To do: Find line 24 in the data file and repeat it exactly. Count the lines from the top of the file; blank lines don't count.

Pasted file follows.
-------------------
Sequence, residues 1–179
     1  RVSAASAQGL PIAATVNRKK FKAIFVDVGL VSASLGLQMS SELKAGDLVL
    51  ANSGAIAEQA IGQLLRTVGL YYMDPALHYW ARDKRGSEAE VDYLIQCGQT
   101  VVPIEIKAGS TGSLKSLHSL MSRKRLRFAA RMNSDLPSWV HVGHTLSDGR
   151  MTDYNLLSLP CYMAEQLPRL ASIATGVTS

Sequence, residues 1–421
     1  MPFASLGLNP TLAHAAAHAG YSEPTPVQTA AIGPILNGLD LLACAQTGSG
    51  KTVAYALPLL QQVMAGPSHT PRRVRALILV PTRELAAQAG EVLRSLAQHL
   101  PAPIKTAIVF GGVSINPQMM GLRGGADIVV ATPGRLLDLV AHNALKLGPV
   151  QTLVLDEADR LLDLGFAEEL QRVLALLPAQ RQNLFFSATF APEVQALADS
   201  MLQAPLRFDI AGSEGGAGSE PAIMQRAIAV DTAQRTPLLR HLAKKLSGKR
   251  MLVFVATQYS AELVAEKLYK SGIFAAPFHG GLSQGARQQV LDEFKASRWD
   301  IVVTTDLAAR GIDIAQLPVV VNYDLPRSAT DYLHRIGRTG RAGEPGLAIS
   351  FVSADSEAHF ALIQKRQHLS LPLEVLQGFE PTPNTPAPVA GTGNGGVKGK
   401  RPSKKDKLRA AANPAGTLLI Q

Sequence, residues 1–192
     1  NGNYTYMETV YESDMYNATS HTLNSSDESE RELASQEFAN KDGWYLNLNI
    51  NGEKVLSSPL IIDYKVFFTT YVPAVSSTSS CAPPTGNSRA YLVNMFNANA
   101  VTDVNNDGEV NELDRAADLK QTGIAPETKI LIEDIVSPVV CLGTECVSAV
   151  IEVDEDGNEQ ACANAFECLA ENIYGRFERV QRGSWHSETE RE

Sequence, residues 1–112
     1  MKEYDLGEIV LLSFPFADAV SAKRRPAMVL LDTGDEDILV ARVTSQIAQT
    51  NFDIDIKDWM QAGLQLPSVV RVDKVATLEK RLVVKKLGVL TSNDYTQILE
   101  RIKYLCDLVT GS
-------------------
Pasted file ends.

   101  RIKYLCDLVT GS